Blood, Guilt, and the Roots of Dental Dread

From Enlightment-era tools of torture to Marathon Man.

In his foundational 1728 text Le Chirurgien Dentiste (roughly, “The surgical dentist”), Pierre Fauchard laid out a lot of the basis for modern dentistry, including dispelling the persistent belief that cavities were caused by worms (he rightly fingered sugar as a significant factor) and demonstrating that you could affect the growth and alignment of teeth with wire braces (it wasn’t widely accepted at the time that teeth had roots, much less malleable ones).

More than just a technician, though, he also had a host of recommendations for dealing with patients, who tended to be somewhat nervous in the clutches of relatively primitive dentists, who were often as not either barbers (which at the time was essentially a surgeon with a specialization in removing problem areas from people) or charlatans. Probably his biggest piece of advice was that patients should be laid on a raised platform, with an overhead light and the dentist standing or sitting behind them to work. It was a fairly serious improvement over the accepted practice of lying on the floor with the dentist sitting on your chest, your head between his knees, useful as that was for the relatively common practice of tooth removal.

Like most of his recommendations, though, easing the nerves of patients was also considerably ahead of its time. Among professionals, even professionals whose job it is to repair and align our endlessly decaying bodies, no one engenders fear quite like dentists. By some estimates, as much as 75 percent of the population has at least a mild discomfort about dentists; somewhere between 20 and 25 percent have severe enough anxiety that they need to be lightly drugged to make it through a session; anywhere between five and ten have such a paralyzing fear they avoid dental care at all costs, which pretty much means neglecting to go in until and unless their teeth hurt so much they can’t even get through their day. I, for instance, fall into the category of people who will occasionally show up if they’re promised drugs, but I suffered through more than a year of wisdom tooth eruption with some help from Anbesol, a baby’s teething ring, and a fastidious recycling of reminder postcards, in the belief that they wouldn’t try to remove them once they had grown in.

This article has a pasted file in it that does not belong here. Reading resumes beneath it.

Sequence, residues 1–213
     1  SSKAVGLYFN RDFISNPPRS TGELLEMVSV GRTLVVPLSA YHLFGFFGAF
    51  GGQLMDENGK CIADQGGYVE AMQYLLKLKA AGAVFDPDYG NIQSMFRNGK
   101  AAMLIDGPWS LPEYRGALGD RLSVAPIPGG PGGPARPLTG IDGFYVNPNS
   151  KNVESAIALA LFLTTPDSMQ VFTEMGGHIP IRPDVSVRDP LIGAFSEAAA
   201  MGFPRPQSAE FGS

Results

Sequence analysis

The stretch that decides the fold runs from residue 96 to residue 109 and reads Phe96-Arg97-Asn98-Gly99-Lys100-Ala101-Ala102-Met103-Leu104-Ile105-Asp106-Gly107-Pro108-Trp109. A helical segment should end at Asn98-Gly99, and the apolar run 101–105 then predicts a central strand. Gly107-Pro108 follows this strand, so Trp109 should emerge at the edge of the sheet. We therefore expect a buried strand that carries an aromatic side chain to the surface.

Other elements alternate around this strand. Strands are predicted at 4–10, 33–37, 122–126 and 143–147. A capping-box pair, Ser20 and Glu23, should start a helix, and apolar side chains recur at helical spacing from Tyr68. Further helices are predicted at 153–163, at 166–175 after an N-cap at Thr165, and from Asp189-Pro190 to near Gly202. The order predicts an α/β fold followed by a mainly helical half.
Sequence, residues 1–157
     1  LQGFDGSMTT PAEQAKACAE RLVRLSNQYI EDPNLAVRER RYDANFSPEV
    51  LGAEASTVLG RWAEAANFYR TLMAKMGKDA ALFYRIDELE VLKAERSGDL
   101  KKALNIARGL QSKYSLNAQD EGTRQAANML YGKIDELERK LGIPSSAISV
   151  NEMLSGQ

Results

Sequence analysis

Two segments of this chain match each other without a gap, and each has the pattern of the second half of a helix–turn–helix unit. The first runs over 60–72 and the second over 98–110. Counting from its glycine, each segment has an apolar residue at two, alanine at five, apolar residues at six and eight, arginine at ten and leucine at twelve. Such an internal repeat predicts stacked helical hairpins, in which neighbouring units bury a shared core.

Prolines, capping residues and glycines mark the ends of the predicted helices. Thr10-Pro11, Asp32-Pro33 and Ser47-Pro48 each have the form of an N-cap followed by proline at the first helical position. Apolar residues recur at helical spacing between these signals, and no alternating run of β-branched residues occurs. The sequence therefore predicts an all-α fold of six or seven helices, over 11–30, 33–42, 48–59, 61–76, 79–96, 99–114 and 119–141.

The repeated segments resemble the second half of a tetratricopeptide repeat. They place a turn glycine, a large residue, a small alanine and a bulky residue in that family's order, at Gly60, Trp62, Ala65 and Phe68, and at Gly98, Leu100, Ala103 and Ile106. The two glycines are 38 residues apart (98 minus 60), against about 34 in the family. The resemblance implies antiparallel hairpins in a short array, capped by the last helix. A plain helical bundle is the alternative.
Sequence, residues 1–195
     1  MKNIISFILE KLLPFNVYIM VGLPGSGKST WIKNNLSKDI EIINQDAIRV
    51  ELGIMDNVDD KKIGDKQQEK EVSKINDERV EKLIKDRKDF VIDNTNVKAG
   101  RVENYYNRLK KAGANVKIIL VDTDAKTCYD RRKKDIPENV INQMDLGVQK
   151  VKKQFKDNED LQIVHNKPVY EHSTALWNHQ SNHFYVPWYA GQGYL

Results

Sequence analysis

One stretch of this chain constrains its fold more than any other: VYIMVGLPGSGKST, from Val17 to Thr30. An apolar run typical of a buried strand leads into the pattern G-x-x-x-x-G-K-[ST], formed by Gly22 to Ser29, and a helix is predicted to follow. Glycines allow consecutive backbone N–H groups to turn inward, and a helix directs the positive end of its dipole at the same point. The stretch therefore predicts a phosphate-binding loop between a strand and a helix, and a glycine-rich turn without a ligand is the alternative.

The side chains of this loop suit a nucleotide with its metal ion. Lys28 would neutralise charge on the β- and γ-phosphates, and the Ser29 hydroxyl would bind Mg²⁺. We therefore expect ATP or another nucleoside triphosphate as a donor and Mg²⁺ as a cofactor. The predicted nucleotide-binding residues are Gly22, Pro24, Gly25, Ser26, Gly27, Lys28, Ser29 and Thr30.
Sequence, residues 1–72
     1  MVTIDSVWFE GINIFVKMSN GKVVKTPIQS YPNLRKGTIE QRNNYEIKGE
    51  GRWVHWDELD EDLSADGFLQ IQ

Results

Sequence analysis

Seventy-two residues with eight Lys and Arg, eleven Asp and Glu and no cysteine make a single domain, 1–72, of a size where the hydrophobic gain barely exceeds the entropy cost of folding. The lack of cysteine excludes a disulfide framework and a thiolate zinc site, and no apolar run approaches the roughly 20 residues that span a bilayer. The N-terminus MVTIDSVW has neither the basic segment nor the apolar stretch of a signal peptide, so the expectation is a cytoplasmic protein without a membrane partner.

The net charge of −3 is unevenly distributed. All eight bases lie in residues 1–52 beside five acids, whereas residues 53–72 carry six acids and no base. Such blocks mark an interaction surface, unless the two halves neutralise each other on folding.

We tend to think of our teeth as mostly a cosmetic concern, and that’s a not inconsequential aspect of dentistry: on forums devoted to dental phobia, you will occasionally encounter people who dismiss dentists as arms of the personal-hygiene-industrial complex, i.e. just another person trying to shame you into buying something to cover up your hideous, smelly, unattractive body. But inadequate dental care can actually have some semi-serious consequences, from your more obvious risks like oral cancer and jaw problems, to links to inflammatory diseases of the body (most notably arthritis), and a still-under-debate correlation with heart disease: dentists will point out studies have shown that people with gum disease are almost twice as likely to have problems with their coronary arteries, whereas heart associations suggest that the connection might just be a coincidence and tell you to exercise.